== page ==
• Brachial plexus palsy may be seen after injury to the brachial plexus during birth.
  • The brachial plexus palsy is associated with stretching or contusion of the brachial plexus.
  • The incidence is 2 per 1000 of births.
  • The incidence has been minimized due to:
    • Modern obstetric diagnosis and care.
    • Induction of early labor when a large infant is anticipated.
    • Recognition of breech and other mal-positions by ultrasonography.
    • Delivery of these infants by cesarean section have prevented cases of traumatic vaginal delivery.

Anatomy

  • The brachial plexus arises from the anterior rami of the cervical spine roots of (C5 – C6 – C7 – C8 – T1).
  • The Brachial Plexus consists of ( 5 Roots – 3 Trunks – 6 Divisions – 3 Cords – 5 Terminal Branches) respectively.

Also read: Brachial Plexus Anatomy .

Risk factors for neonatal brachial plexus palsy

  1. Large birth weight.
  2. Breech position.
  3. Forceps delivery
  4. Previous delivery of a child with a brachial plexopathy.
  5. Shoulder dystocia (mechanical factor that results in an upper trunk lesion).
  6. Prolonged second stage of labor.

Classification

  • Narakas described four categories of anatomic brachial plexus palsy involvement:
GroupRootsCharacteristics
Group I (Duchenne-Erb’s Palsy)C5-C6– Upper plexus lesions ( C5 and C6)
– They are recognized by weakness of the shoulder abductors, external rotators, elbow flexors, and wrist extensors.
Group II (Intermediate Paralysis)C5-C7– C5 – C6 – C7
Lack of elbow extension.
– Associated with weaker shoulder adductors.
Group III (Total Brachial Plexus Palsy)C5-T1– C5 – C6 – C7 – C8 – T1
– Flail extremity without Horner’s syndrome.
Group IV (Total Brachial Plexus Palsy with Horner’s syndrome)C5-T1– C5 – C6 – C7 – C8 – T1
– Flail extremity with Horner’s syndrome.
Narakas Classification

Also read: Classification of Nerve Injuries .

Clinical Evaluation

  • Decreased spontaneous movement.
  • Asymmetry of infantile reflexes such as the Moro reflex or asymmetric tonic neck reflex.
  • Fractures of the clavicle, humerus, and other long bones may also be seen:
    • Ipsilateral clavicular fracture is actually a favorable finding in birth-related plexopathy because the fracture allows the shoulder girdle to compress, thus decreasing overall traction on the plexus.
  • With involvement of the lower plexus, the grasp reflex may be absent.
  • An ipsilateral Horner syndrome consisting of ptosis, miosis, and enophthalmos, or a small pupil with a droopy eyelid, indicates injury to the T1 cervical sympathetic nerves.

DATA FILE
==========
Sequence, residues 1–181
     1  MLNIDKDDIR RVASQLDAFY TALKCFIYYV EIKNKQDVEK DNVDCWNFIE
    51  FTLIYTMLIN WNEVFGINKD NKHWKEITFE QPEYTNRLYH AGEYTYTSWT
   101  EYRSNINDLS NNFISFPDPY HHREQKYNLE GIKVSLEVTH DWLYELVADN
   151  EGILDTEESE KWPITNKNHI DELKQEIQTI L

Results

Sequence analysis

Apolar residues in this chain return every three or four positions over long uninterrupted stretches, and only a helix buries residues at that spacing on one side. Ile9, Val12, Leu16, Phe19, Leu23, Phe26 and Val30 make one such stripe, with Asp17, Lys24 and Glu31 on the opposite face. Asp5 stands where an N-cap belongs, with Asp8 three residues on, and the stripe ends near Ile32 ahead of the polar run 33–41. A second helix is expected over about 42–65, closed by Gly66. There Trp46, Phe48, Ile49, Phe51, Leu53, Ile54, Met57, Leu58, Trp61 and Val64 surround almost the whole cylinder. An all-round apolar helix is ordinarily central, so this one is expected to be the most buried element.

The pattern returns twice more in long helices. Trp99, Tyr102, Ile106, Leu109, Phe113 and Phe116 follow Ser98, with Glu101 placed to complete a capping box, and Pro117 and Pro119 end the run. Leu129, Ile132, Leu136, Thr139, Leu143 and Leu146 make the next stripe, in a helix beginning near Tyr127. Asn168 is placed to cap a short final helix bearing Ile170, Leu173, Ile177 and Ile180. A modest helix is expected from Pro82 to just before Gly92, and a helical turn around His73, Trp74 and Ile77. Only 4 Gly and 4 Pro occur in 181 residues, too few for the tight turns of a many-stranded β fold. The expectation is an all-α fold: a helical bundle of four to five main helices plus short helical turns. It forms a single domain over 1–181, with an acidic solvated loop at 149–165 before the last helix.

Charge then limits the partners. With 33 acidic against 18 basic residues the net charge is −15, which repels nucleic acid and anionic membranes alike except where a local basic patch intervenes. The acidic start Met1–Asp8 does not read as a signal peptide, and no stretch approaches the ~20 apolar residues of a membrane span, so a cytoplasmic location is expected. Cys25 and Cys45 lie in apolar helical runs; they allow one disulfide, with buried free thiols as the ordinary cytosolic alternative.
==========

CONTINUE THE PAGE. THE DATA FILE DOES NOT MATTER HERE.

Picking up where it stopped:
• Phrenic nerve involvement is said to occur in up to 5% of upper plexus lesions

Subtypes of brachial plexus palsy:

1. Erb’s Palsy;

  • The most common type injury.
  • Erb’s Palsy Involves C5, C6 roots.
  • Results from excessive abduction of head away from shoulder, producing traction on the brachial plexus.
  • Erb’s Palsy manifested as shoulder abductor and external rotator weakness and absence of elbow flexors.
  • The upper limb is positioned in adduction, internal rotation, and elbow extension. The wrist is often held in a flexed position (waiter’s tip deformity).
  • Prognosis: Erb’s Palsy has the best prognosis.

2. Klumpke’s Palsy

  • Klumpke’s Palsy involves C8 – T1.
  • All of the small muscles of the hand (ulnar and median nerves) are paralyzed in Klumpke’s Palsy.
  • Hand position: wrist in extreme extension – hyperextension of MCP – flexion of IP joints. The so called “claw hand”.
  • Prognosis: Klumpke’s Palsy has a poor prognosis.
  • Frequently associated with a preganglionic injury and Horner’s Syndrome.

3. Total plexus palsy

  • Involves all brachial plexus roots (C5 – C6 – C7 – C8 – T1).
  • There is a complete paralysis of sensory and motor functions of the entire extremity.
  • Characterized by flaccid arm.
  • Prognosis: it has the worst prognosis.

Differential Diagnosis

  1. Fracture of the clavicle or humerus or proximal humeral physeal separation:
    • It’s manifested as diminished spontaneous movement.
    • Fracture or injury from child abuse must also be ruled out.
  2. Septic arthritis of the shoulder or acute osteomyelitis.
  3. Tumors involving the spinal cord or plexus (rare).
  4. Congenital malformation of the plexus ( rare).
  5. Post infectious plexopathy of the Parsonage-Turner type:
    • Usually results in flaccid paralysis of the muscles innervated by the involved nerves.

Treatment

Non-operative

  • It’s the first line of treatment for most brachial plexus palsy.
  • The aim of treatment in the initial stages is prevention of contractures of muscles and joints and awaiting return of motor function (in up to 18 months).
  • Gentle passive exercises are begun to maintain full range of passive motion of all joints of the upper extremity, especially:
    • full extension of the fingers, hand, and wrist;
    • full pronation and supination of the forearm;
    • full extension of the elbow;
    • full abduction, extension, and external rotation of the shoulder.
  • The use of physical therapy with casting as well as botulism toxin injections have been shown to be effective in the treatment of elbow flexion contractures.

Operative

  • Nerve injury repair indications:
    1. Patients with no active biceps function by 3 months of age
    2. Age younger than 1 year.
    3. Those with nerve-level injury.
  • Nerve grafting and transfer procedures:
    1. Indicated in patients with nerve root avulsions with no improvement by 3 months.